Author Topic: Tax Sale Question  (Read 601 times)

diesel

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Tax Sale Question
« on: January 16, 2021, 10:47:17 AM »
Hi all.  I am looking at different real estate investment strategies and I have a question.

Can properties that have back taxes and are on the list to be sold at auction be paid off up until the day of the tax sale?
More specifically, could I buy a property with back taxes from the owner, pay the taxes off, and own the property?

I know you can invest in tax liens etc. but I was looking at the details for my county's next tax sale.  The whole list of properties is available but the county doesn't plan to hold the sale until late 2021 (assuming because of covid, etc.)  I started wondering if the above question would be possible or if there is a deadline for such a transaction. i.e. once the property is listed on the sale list it is beyond the time allowed to pay it off and has to be auctioned.

If anyone has any experience I'd love to hear from you!

SndcxxJ

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Re: Tax Sale Question
« Reply #1 on: January 17, 2021, 07:21:08 AM »
I am not familiar with your particular jurisdiction, but in California in my experience, you can interrupt a foreclosure for whatever reason up to the day before the sale.  I would even be willing to bet with a lawyers assistance you can interrupt a sale the day of the sale.
My experience is not in tax sales but in mortgage notes and subsequent foreclosures but the process is the same.  When foreclosure sale date comes up, I would let the trustee know to proceed with the sale the following day or if I made progress in negotiations with the trustor I would delay the sale for a week or month.
What appears to me to be a great real estate strategy is to contact those people who are near foreclosure and offer to purchase the property from them as is and be able to close immediately.  You might do this in a way that assumes the tax debt or it is paid in escrow.  In California, I believe once I start filing foreclosure paperwork the person getting foreclosed on starts to get calls from quite a few buyers so it isn't a walk in the park.

Fishindude

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Re: Tax Sale Question
« Reply #2 on: January 17, 2021, 09:30:57 AM »
The way it works here, is when people get too far delinquent on their taxes, the property gets listed in a tax sale auction.
They have an open door, open bidding system so you bid to purchase those properties.
You typically have to pay the county your full bid amount by certified check before end of that business day.
The successful buyer must then pay all of the taxes current pretty quickly.
The county holds his bid amount above and beyond the taxes.
The original property owner then has 12 or 24 months (can't remember) to repay the successful bidder back his bid amount, the taxes he paid, plus interest on all that money or the property is transferred to the successful bidder.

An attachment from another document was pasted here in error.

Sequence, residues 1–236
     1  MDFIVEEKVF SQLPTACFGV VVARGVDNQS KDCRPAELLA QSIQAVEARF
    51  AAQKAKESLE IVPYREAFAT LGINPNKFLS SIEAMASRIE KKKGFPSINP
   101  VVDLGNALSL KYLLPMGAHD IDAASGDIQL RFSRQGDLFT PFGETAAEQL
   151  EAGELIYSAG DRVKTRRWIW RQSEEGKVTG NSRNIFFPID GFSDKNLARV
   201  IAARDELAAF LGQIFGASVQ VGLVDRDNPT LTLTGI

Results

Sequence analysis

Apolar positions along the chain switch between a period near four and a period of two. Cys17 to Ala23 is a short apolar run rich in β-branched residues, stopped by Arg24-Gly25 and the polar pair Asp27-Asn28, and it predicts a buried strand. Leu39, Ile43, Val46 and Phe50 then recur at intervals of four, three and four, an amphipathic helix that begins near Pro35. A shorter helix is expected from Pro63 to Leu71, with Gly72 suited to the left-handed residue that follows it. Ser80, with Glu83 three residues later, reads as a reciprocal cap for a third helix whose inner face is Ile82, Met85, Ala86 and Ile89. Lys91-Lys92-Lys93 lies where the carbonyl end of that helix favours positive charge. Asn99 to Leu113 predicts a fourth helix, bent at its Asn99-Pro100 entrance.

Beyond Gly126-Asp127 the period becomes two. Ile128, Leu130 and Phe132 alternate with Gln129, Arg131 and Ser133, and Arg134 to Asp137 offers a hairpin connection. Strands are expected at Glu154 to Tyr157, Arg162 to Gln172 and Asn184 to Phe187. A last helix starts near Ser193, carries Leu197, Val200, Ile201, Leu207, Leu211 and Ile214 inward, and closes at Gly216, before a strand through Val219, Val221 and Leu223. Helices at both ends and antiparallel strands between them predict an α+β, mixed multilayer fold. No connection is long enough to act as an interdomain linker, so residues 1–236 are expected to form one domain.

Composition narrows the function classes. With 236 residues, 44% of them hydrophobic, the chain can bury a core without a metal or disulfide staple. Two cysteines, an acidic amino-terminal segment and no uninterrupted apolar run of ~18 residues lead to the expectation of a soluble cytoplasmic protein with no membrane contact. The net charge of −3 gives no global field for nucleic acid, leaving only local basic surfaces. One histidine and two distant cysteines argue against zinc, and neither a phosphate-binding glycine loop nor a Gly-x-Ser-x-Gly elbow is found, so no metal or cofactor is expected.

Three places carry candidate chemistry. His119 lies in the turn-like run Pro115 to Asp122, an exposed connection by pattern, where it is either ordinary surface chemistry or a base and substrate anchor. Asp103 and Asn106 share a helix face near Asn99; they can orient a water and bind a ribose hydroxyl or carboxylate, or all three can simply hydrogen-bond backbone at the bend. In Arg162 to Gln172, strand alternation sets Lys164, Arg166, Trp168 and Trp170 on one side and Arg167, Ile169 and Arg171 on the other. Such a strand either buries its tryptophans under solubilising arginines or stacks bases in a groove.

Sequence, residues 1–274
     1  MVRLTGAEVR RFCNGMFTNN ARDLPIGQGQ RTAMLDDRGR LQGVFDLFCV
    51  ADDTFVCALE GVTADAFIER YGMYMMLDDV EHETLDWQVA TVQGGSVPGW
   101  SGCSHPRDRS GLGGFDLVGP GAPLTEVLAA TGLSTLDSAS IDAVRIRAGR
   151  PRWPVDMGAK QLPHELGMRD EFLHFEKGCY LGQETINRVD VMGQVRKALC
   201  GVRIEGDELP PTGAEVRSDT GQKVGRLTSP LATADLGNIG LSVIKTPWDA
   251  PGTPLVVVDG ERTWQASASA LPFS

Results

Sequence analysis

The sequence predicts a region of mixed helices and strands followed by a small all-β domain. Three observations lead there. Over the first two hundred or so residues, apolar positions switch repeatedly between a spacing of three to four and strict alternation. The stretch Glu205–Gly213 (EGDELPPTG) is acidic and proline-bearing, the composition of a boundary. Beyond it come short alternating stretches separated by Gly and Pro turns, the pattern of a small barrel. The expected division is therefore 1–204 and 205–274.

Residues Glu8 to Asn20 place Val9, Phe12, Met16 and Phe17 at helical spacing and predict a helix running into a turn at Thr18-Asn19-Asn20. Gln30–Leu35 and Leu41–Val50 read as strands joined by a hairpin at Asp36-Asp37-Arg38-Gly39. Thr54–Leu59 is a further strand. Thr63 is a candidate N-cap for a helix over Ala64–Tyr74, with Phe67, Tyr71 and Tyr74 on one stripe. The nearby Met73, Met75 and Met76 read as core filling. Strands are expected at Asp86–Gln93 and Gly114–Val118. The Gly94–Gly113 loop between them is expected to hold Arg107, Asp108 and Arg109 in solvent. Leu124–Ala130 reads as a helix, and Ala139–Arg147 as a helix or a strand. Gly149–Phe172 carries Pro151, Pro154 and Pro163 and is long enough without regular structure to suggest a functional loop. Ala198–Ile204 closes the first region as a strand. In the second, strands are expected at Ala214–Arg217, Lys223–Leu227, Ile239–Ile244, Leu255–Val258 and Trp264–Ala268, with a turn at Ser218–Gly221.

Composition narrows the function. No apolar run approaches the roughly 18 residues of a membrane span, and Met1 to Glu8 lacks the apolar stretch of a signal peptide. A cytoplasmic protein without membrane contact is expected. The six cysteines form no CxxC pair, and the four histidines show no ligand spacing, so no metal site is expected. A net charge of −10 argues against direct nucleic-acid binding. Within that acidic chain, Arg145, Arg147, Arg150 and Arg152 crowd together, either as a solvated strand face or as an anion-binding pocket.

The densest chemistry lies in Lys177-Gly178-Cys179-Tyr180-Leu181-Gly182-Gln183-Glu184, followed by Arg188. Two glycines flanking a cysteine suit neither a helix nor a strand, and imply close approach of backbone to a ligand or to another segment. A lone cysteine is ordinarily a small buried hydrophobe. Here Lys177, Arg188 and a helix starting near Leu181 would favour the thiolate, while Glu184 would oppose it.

Anytime you bid on something like this it is best to first pay for a title search to see if anyone has liens on the property.
And don't start doing anything with the property (spending money) until the original owners time has expired and title gets transferred to your name.

diesel

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Re: Tax Sale Question
« Reply #3 on: January 21, 2021, 10:46:52 AM »
Thanks for the replies!  I've done some digging in my particular county and it seems you are both right on.

@SndcxxJ the strategy you mentioned is exactly what spurred my thinking and this post.

@Fishindude it sounds like you explained the process in my county exactly.  I do have a question about the process though.  Say the owner does get the money to pay for the property and penalties during that redemption period.  From my understanding they are paying the money to the "buyer" that won the auction.  What happens to the money that the county collected from the buyer and was holding over the tax amount?  Does the county just get to keep the money?

So if I'm understanding it correctly, in order for the person being foreclosed on to stay in their house, they would need to sort of "re-buy" it from the auction winner for the bid + taxes and penalties...and the county just keeps the original bid almost as a "cost of doing business"?

Sorry if I'm not making sense or over simplifying...I'm just trying to wrap my head around it all.

Thanks again!

Fishindude

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Re: Tax Sale Question
« Reply #4 on: January 21, 2021, 10:55:08 AM »
If the original delinquent owner somehow gets their act together and is able to pay things back to retain the property, they have to pay back EVERTHING including what went to the county.
The successful bidder gets ALL of their money back, plus interest.


diesel

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Re: Tax Sale Question
« Reply #5 on: January 21, 2021, 11:13:39 AM »